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Necrotising Fasciitis
Delayed Diagnosis of Necrotising Fasciitis

Delayed Diagnosis of Necrotising Fasciitis

Necrotising fasciitis is an aggressive infection that rapidly kills the tissue and underlying fascia, earning it the nickname the 'flesh eating disease'. It is therefore vital the condition is diagnosed in the early stages; if there is a delay, the infection will quickly spread and an extensive area of necrotic tissue will have to be removed. This will leave a patient with a significant defect, causing problems both physically and psychologically.

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Diagnosing necrotising fasciitis

Necrotising fasciitis is classically associated with an extreme pain that is disproportionate to the wound. This occurs because the bacteria that cause necrotising fasciitis enter the body through a break in the skin. This may be as small as a needle prick, meaning the person in question may not even be aware their skin has sustained some form of trauma.

When the bacteria get into the body they begin to reproduce at a rapid rate, releasing a harmful toxin as they do so. This poisonous toxin kills the surrounding tissue and underlying fascia, which medical professionals call 'necrosis of the tissue'. This will result in an immense pain for the individual concerned.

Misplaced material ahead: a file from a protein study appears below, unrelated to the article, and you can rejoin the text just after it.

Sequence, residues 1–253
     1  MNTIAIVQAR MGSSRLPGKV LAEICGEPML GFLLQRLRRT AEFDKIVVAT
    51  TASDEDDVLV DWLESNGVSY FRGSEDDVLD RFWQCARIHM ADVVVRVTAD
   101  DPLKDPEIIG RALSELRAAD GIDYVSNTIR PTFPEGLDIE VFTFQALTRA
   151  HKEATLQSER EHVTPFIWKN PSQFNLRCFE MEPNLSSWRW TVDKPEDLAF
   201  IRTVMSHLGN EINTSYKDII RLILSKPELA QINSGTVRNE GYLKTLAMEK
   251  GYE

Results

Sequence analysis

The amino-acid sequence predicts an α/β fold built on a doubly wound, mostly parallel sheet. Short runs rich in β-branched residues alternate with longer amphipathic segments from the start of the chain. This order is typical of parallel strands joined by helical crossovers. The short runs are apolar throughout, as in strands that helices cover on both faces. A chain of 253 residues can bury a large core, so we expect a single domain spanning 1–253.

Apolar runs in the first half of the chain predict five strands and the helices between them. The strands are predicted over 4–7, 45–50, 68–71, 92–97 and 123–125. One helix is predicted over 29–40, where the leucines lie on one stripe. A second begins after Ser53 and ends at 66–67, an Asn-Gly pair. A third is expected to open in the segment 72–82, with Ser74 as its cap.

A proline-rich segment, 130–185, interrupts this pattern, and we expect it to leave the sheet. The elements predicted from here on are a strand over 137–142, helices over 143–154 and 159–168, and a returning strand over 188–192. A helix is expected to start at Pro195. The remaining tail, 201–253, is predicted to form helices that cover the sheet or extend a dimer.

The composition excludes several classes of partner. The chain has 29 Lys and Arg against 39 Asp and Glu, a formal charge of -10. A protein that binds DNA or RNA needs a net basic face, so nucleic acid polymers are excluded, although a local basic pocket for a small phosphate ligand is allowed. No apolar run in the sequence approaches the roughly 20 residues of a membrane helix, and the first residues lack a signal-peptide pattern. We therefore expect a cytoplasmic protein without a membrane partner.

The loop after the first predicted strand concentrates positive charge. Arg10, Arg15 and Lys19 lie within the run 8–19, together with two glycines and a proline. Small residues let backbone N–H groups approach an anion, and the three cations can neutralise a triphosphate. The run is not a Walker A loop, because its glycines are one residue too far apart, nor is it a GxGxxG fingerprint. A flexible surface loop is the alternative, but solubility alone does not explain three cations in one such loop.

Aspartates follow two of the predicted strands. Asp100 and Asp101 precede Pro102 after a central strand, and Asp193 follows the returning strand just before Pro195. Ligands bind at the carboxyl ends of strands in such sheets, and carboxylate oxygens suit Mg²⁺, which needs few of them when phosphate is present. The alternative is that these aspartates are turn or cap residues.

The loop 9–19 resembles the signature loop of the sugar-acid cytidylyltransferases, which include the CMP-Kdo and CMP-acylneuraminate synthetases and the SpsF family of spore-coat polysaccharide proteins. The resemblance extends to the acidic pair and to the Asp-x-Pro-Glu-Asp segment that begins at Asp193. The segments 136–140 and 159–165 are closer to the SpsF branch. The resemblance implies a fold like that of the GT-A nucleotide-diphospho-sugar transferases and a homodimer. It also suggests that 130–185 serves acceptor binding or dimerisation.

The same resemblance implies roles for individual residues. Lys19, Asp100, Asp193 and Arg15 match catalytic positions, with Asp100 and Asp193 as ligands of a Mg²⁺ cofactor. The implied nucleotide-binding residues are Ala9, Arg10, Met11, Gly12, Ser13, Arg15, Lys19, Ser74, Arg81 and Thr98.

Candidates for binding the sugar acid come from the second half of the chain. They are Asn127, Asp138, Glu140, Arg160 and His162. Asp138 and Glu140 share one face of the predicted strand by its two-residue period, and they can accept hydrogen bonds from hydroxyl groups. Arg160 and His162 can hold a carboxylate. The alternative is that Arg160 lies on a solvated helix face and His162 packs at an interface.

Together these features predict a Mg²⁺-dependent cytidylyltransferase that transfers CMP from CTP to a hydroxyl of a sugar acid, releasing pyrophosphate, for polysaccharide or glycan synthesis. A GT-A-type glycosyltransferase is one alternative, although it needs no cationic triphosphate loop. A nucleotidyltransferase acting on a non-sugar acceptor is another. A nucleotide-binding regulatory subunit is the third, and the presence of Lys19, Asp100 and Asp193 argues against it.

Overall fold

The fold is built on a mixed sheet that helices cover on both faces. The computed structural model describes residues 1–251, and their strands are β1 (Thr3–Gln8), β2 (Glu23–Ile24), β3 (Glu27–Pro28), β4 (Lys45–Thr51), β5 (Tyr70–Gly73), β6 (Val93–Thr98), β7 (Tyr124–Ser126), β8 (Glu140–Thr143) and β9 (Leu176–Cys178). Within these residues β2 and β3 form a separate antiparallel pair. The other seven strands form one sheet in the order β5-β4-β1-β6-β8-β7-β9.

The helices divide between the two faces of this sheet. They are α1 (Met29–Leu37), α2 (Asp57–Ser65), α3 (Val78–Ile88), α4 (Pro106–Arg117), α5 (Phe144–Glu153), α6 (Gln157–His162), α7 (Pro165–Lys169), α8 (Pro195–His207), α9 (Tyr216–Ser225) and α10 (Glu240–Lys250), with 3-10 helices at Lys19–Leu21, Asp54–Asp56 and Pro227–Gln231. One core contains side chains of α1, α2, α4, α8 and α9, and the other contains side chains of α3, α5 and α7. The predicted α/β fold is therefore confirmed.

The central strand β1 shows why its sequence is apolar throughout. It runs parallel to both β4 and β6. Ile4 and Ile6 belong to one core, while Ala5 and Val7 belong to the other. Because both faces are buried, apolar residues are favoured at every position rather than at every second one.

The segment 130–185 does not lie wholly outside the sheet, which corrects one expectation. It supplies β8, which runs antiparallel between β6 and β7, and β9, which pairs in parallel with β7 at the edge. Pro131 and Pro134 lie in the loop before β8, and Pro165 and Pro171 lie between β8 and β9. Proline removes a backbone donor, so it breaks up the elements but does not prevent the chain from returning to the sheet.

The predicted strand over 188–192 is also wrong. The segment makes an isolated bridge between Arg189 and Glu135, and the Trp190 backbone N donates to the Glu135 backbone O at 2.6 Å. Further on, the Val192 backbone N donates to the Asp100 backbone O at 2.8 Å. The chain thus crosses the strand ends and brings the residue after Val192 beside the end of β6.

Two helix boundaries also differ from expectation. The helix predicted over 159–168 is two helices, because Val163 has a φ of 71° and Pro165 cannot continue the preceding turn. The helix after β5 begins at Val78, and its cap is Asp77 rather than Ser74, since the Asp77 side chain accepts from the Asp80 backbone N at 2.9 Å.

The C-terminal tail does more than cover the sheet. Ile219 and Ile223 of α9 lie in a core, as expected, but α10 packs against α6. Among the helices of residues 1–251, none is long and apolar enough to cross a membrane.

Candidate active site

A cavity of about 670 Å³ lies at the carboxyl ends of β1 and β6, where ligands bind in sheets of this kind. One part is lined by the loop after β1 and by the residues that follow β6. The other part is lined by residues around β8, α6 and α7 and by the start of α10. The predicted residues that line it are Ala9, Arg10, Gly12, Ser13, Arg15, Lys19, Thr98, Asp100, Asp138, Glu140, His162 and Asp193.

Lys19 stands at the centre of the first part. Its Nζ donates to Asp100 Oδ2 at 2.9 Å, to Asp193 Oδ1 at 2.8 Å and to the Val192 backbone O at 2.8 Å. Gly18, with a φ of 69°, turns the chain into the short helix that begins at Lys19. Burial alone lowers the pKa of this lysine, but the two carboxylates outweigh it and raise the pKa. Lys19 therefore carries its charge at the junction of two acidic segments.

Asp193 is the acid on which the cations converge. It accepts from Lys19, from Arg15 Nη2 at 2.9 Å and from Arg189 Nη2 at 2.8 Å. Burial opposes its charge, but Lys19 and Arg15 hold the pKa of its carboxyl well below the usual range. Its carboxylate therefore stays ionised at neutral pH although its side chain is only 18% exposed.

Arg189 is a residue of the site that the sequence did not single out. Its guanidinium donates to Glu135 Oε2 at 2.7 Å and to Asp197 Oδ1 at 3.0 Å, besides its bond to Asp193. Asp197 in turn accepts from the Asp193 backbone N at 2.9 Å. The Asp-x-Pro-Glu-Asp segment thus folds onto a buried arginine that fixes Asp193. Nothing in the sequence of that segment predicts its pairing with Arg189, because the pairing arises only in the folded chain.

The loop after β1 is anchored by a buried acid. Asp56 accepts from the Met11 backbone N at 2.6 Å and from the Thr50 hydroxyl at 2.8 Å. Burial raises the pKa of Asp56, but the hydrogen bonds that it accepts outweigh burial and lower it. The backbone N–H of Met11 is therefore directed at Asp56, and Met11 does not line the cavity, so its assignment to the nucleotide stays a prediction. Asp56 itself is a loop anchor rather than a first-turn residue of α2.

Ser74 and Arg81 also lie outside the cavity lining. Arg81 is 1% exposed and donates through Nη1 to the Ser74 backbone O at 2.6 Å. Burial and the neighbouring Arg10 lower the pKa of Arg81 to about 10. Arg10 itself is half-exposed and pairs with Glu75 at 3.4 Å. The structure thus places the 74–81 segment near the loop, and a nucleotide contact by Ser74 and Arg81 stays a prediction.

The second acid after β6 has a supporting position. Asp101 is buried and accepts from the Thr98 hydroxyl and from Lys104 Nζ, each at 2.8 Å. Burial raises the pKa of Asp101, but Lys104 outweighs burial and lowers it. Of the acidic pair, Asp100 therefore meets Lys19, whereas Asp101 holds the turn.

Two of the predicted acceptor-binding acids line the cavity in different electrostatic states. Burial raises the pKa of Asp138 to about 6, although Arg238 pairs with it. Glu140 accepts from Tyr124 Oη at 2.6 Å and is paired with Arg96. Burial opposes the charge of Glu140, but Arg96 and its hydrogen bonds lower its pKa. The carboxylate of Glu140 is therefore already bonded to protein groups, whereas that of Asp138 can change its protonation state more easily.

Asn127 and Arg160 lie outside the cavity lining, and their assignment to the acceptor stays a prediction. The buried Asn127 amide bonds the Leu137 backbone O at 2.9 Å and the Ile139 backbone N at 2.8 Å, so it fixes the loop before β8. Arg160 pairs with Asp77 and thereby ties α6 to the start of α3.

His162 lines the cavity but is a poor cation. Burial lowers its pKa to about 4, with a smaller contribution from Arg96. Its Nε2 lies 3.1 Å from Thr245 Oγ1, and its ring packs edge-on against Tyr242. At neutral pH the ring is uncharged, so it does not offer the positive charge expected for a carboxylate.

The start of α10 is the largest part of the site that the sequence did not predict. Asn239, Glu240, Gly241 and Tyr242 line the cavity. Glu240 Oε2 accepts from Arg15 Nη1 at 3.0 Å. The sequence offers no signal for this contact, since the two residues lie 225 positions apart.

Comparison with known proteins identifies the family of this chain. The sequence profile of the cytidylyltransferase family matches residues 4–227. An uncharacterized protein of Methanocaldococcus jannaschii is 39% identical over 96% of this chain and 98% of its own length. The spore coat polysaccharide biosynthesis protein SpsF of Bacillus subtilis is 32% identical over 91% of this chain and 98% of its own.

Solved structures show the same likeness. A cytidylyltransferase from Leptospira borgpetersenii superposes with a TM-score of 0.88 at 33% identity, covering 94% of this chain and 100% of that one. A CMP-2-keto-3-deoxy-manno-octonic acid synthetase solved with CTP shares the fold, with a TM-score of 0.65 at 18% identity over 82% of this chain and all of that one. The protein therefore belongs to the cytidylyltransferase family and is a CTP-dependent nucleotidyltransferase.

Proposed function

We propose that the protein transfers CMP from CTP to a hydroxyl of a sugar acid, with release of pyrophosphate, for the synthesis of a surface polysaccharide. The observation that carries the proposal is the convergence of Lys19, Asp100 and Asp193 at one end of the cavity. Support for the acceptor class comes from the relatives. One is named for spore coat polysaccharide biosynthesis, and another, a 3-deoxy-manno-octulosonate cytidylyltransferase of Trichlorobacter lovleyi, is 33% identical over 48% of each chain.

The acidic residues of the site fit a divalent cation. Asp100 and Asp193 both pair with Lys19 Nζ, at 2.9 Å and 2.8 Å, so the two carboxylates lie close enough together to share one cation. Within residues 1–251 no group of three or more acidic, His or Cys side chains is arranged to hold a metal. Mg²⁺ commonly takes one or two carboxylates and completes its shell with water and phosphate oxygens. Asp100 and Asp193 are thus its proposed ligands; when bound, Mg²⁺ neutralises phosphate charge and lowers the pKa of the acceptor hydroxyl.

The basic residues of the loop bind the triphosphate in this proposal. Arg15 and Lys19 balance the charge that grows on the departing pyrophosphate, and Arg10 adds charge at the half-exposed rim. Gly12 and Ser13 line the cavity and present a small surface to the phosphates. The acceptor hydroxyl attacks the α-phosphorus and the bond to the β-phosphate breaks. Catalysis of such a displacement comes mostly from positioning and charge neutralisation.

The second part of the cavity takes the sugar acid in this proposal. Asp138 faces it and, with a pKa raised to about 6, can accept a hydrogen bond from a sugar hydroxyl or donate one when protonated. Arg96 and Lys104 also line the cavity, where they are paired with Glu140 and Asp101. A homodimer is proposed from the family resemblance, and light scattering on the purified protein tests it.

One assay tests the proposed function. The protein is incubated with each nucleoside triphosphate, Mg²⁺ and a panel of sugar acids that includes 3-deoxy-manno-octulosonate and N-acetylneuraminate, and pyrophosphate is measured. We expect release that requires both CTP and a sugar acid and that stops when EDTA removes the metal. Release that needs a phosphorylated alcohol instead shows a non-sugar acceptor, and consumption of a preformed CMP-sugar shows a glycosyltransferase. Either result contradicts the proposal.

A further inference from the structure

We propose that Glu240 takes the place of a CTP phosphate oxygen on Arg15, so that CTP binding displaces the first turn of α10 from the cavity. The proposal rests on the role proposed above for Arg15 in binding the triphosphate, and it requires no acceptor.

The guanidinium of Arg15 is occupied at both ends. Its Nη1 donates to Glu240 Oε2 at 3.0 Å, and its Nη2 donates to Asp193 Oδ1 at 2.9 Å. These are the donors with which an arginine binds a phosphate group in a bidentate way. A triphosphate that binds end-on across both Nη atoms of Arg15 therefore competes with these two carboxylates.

As the bacteria continue to multiply, the infection will soon spread and the area of tissue damage will increase. The skin will then be swollen, red and hot to touch, while a patient may also develop a fever and show other signs of infection (such as vomiting).

Anyone who presents to their GP or A&E department with these symptoms should set alarm bells ringing. Even though it is a very rare condition, medical professionals are expected to recognise these health complaints as being indicative of necrotising fasciitis. However, it is an infection that has striking similarities to other illness, with cellulitis being a common misdiagnosis.

Therefore tests must be undertaken as quickly as possible to determine the correct diagnosis. This may involve an emergency ultrasound scan which will show subfascial fluid, thereby indicating the presence of necrotising fasciitis. Or there may be an examination under anaesthetic with incision of the lesion. If offensive pus (sometimes known as 'dishwater pus') is found in the subfascial region, this should be sent to the lab for urgent testing.

Claiming for a delay in necrotising fasciitis diagnosis

If medical professionals fail to act quickly, the consequences will be devastating. The area of infection will rapidly spread and the amount of necrotic tissue will be extensive. When a correct diagnosis is finally made, all of this necrotic tissue will have to be removed, as this is the only form of effective treatment. This will, therefore, leave a patient with a sizeable defect. In such cases, it is not unusual for skin grafts and a referral to a plastic surgeon to occur.

If this has happened to you or a loved one, you need to speak to a solicitor about your treatment. This is because if doctors failed to make a timely diagnosis, despite the fact you were displaying all the telling symptoms of necrotising fasciitis, there could be grounds for a medical negligence claim. This will be especially true if an earlier diagnosis would have reduced the amount of tissue that was removed during surgical debridement.

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